Pinotti et al. between July, 1985 and January, 1986, held interviews with 231 women at least three years after tubal sterilization was performed and under medical assistance at the Hospital das Clinicas at UNICAMP for the most different reasons, trying to evaluate satisfaction rates with surgery. They found 11.6% of women unsatisfied with sterilization. In this group of women, 50% were sterilized less than 25 years old.
Faúndes et al. (1991), studying at the Sterility Ambulatory of the DTG/FCM/UNICAMP, compared prevail of the tubal sterilization and the number of patients that requested for its reversal, during two 30 months periods and a 10 years interval (1978 till 1980 and 1988 till 1990). In the first period, 28% of the patients presented tubal factor and 2.4% of the total was represented by patients asking for reversal. In the second period, 34.5% of patients presented tubal factor and 12.4% regret from surgery. All patients of the first period and 87.3% of the second one were submitted to sterilization less than 31 years old. In the second group 45.8% of the regretting patients had one or two children at the time surgery was performed.
Results above, pointed out by other sources as well (Grub et al., 1985; Divers, 1984), have conducted to the development of a systematic evaluation of the cases involving women, pregnant or not, who apply for sterilization surgery at the DTG/FCM/UNICAMP.
This report summarizes the experience of a multidisciplinary group in this evaluating process, presenting their activity in its entirety, since program started, in July, 1988 till December, 1989 and, afterwards, a detailed description of the medical and social characteristics of the cases analyzed between June, 1988 and July, 1989.
MATERIAL AND METHODS
I - Phases of the evaluation program of patients requesting sterilization surgery
Starting June, 1988, DTG/FCM/UNICAMP created a graphic of attendance for all patients wishing sterilization, for both, patients of the Institute or sent to Institute by means of the primary assistance network in Campinas and neighborhood. Patients are divided into two groups following the same procedures: pregnant and not pregnant.
First step of the process consists in interviews held by a social assistant for social level evaluation of the couple, patient's surgery expectation and relationship conditions of the couple.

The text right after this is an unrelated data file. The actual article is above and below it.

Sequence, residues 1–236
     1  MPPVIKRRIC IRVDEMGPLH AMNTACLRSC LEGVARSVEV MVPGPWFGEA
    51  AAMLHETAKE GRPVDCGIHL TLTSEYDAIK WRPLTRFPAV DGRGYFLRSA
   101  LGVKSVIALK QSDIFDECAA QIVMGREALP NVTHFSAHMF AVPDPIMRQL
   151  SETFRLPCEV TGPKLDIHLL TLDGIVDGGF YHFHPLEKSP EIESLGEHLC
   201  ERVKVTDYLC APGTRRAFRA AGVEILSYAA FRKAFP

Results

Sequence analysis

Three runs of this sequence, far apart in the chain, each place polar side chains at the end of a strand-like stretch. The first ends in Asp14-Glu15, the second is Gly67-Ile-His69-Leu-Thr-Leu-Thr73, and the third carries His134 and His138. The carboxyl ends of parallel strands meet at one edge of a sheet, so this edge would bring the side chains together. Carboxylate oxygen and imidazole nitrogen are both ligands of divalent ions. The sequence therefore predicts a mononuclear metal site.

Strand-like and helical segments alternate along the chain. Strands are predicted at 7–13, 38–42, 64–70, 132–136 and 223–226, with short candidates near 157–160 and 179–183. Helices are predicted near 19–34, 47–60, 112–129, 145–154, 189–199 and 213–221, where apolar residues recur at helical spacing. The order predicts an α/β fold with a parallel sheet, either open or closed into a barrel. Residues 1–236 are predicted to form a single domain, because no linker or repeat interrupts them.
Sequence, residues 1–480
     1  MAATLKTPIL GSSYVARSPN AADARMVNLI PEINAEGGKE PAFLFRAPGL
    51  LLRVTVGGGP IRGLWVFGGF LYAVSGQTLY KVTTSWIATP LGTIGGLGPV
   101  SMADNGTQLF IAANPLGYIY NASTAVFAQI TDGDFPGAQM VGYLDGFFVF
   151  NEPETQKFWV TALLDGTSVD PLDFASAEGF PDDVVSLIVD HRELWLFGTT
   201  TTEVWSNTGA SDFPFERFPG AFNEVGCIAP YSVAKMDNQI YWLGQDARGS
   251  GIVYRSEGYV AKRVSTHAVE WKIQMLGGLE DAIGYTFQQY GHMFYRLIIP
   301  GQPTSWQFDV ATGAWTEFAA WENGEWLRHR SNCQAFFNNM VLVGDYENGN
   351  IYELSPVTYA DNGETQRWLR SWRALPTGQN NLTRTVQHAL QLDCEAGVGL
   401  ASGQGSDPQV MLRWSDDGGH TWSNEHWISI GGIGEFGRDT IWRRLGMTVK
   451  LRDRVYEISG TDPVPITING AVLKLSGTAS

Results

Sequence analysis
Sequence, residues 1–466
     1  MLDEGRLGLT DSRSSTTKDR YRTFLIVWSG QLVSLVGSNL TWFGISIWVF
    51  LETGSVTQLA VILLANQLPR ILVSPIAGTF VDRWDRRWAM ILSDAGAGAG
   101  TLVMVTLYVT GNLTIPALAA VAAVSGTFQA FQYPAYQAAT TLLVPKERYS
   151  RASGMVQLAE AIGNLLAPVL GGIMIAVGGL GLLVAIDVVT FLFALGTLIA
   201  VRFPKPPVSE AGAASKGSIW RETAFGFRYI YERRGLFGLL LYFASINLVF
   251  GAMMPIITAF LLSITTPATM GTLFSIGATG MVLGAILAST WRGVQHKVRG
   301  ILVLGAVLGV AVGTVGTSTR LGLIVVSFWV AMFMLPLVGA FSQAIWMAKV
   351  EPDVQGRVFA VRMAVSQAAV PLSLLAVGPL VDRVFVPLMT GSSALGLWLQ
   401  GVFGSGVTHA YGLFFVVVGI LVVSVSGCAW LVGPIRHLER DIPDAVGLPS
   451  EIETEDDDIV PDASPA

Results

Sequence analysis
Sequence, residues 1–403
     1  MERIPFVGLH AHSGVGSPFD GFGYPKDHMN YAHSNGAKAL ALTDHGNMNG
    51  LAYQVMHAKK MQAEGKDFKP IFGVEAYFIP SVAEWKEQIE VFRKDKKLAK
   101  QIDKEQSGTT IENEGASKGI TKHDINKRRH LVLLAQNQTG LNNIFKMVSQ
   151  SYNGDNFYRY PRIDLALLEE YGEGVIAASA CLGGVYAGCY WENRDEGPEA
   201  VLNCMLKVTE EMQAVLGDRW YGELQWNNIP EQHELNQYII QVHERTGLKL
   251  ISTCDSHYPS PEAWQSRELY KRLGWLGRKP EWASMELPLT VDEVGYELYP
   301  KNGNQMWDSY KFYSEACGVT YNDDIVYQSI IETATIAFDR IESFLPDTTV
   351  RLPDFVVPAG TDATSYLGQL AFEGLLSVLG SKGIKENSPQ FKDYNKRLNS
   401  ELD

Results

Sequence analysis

In the second phase, patients are scheduled for group activities, usually participating 8 women under the coordination of one nurse and one social assistant. This activity covers, basically, educational aspects of the reproductive physiology, sexuality, genitals anatomy and, mainly, diffusion of the general contraceptive devices (DIU, Condom, Diaphragm, etc.). Emphasizes critical considerations on definitive methods (tubal sterilization and vasectomy) with the purpose of enlarging patients acquaintance with this process.
Third step consists in an interview of the couple with the social assistant, trying to involve the partner in the process of the surgery, once both of them are responsible for family schedule. At this moment, discussion is held, again, on expectatives regarding surgery, knowledge about contraceptive methods and, finally, if the surgical procedure is chosen, should be steadily agreed upon by the partner and this agreement must be attached to the other documents pertaining to the evaluating process. Whenever necessary, patients are directed for psychological attendance and evaluation, specially when observed that emotional factors influence excessively the request for surgery.
Finally, an evaluating commission, coordinated by a physician and a social assistant, a nurse and a psychologist (involved in the program), discuss each case separately and decide if surgery should be authorized or not.
Following situations are authorized:
1. Women more than 30 years old;
2. Having, at least, 3 children alive (preferably both sexes);
3. Having, at least, 5 years marital union relationship;
4. A firm agreement on surgery is supplied by the partner;
5. Medical indications are considered for the request (when anyone of the health group, pertaining or not to the Institution, indicates surgery as being a patient's health preventing measure).
II - Casuistic
1,630 patients were evaluated between June, 1988 and December, 1989. From these, 812 were found pregnant during the process. First 418 cases evaluated by the program were separated for an accurate analysis of the medical and social characteristics.